2019 Annual Meeting and Speaker Program


JW Marriott Austin
 102 E 2nd Street
Austin, TX 78701
See map: Google Maps


Meeting Date(s): 

August 3, 2019, 10:00 am to 11:15 am 

The Section's annual meeting will include discussion of ongoing projects and future plans. The program will also feature  lightning talks (10 minutes) that highlight the stories of women, people of color, immigrants, people with disabilities, and others often overlooked, undervalued, and sometimes lost in the science, technology and healthcare archival record.

Presenter: Linda Sellars, Special Collections Research Center, NC State University Libraries

Topic: Education and achievement of women in the field of engineering

Abstract: This talk will highlight collections that document the education and achievement of women in the field of engineering. 

Presenter: Anna Reznik, Texas State Library and Archives

Topic: Texas Low-Level Radioactive Waste Disposal Authority

Abstract: At its face, the Texas Low-Level Radioactive Waste Disposal Authority (TLLRWDA) is one of many abolished governmental bodies; however, digging deeper into records illustrate that the story goes beyond the typical narrative of a state agency performing its charged functions. Instead, the records illustrate the deliberations within the scientific community on the data, the discussions on how and where waste can be managed, and the debates within a socio-economically disadvantaged area on if the benefits out weight potential dangers.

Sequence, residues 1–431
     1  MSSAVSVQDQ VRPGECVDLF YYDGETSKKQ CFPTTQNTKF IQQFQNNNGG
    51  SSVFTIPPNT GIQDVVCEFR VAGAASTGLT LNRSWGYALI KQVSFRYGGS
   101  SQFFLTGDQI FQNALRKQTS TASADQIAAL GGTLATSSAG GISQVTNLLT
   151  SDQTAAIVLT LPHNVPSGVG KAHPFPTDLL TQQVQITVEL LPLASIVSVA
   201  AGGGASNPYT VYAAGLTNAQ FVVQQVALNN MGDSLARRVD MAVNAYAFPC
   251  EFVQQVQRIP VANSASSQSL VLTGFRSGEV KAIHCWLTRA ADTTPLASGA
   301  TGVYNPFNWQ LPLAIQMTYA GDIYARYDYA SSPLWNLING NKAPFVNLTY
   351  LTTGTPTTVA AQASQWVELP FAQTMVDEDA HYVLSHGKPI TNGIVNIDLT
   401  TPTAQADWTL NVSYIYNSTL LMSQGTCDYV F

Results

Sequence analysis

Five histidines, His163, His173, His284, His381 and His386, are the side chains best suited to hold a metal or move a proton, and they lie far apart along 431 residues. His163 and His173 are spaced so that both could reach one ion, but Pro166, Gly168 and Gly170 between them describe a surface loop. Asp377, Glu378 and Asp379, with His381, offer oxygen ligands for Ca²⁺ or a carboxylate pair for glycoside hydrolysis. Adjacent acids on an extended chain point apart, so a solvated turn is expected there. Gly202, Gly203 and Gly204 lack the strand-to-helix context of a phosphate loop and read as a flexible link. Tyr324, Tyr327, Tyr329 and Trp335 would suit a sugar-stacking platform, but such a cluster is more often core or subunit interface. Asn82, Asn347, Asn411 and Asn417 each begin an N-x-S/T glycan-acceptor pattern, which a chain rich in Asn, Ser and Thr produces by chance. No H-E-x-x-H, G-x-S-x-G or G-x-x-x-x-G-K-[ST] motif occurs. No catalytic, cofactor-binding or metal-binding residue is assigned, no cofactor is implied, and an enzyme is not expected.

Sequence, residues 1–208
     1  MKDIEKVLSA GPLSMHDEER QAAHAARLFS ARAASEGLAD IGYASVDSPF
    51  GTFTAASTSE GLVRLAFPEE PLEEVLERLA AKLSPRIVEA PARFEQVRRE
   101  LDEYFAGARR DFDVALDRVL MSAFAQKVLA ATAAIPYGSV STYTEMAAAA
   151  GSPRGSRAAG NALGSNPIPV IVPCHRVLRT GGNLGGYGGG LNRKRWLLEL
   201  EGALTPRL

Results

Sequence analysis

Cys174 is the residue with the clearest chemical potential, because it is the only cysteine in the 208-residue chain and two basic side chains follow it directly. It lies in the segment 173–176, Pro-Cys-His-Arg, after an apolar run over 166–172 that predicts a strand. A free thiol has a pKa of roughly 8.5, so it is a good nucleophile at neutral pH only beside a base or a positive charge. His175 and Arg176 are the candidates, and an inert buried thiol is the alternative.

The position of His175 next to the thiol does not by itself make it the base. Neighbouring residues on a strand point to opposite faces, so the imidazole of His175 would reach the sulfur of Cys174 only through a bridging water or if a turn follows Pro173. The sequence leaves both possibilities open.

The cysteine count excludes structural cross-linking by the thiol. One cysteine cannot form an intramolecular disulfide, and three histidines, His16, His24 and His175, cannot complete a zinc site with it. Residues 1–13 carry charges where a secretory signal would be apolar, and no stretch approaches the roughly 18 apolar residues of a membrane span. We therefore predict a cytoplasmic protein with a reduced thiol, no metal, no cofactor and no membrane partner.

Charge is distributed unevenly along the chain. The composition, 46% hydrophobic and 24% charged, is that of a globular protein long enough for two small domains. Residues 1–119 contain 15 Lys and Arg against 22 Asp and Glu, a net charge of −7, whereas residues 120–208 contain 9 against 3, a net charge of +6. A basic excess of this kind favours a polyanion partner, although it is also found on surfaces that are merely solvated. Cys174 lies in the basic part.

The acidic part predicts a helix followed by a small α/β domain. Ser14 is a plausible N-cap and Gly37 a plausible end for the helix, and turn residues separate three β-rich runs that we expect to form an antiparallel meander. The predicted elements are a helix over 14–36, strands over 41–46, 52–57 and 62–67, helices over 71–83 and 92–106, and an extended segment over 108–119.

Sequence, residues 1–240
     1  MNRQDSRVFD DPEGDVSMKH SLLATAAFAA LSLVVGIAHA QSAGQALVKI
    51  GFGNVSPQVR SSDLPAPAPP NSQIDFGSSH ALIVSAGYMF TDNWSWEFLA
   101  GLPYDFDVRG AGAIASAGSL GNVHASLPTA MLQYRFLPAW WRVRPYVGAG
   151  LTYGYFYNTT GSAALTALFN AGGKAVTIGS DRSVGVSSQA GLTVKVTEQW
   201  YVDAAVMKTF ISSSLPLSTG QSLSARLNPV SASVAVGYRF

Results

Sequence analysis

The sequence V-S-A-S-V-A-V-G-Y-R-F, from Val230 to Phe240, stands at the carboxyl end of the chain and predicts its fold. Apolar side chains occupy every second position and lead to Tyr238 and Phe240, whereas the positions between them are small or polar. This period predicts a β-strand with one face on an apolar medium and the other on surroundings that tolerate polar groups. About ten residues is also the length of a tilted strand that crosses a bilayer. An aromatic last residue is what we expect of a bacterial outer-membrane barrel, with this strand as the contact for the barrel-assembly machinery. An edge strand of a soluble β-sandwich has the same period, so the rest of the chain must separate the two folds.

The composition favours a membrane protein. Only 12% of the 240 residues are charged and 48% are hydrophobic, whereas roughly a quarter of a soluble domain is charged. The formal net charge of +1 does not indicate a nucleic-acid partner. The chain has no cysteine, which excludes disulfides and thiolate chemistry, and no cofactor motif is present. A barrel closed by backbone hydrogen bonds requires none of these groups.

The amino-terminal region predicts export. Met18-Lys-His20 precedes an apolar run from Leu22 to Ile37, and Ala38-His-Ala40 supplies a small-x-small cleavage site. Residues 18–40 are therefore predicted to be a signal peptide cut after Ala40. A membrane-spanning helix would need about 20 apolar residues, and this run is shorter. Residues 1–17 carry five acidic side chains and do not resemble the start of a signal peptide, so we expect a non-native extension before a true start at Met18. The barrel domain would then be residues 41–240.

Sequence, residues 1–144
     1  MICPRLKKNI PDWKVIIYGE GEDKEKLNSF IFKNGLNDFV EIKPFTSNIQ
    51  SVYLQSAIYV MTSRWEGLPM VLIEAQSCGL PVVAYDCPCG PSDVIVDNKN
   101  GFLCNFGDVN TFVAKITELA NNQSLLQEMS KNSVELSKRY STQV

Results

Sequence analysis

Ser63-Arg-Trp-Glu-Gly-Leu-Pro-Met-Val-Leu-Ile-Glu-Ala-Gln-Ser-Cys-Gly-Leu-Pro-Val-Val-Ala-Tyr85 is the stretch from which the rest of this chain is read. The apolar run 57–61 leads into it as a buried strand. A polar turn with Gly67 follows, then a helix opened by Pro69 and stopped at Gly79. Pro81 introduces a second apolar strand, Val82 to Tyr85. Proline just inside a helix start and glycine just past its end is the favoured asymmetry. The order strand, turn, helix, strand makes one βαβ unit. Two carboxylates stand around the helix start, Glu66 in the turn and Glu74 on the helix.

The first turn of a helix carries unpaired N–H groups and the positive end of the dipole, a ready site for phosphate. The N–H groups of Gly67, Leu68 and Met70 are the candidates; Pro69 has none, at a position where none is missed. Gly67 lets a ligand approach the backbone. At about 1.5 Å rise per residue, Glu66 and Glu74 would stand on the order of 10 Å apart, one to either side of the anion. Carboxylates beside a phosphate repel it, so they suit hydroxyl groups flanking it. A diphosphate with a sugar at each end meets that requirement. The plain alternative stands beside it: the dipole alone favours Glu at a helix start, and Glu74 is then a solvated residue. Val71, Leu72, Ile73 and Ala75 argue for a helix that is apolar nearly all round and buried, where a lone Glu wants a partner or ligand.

Presenter: Ricc Ferrante, Smithsonian Institution Archives

Topic: Scientists' Field Notes: From buried in a closet to serving biodiversity researchers and citizen science

Abstract: Nine years ago at the Smithsonian, the vision was cast to create and deliver an online catalog of biodiversity-related field notes. Some were underexposed, listed in finding aids. Others were still to be discovered in deserted offices at donor museums. An online catalog of item-level records would elevate these valuable primary sources to Internet search engines and increase their discoverability remarkably. That was the beginning. Today, over 9,500 mostly handwritten field notes across hundreds of collections have been documented in the Field Book Project catalog and almost half have been digitally preserved. Their online presence has produced demand for remote access (digitization), expanding the Project's scope to include preservation and digitization. Use of aggregators like the Biodiversity Heritage Library and DPLA have tripled broadened access and impact even further. The latest? In response to digital access, researchers asked for transcripts of the field notes. Without staff or funding for that, the Archives turned to the crowd. Citizen scientists and hundreds of other volunteers have turned out to tackle that challenge and help to enhance these records even further. Where will this take us next?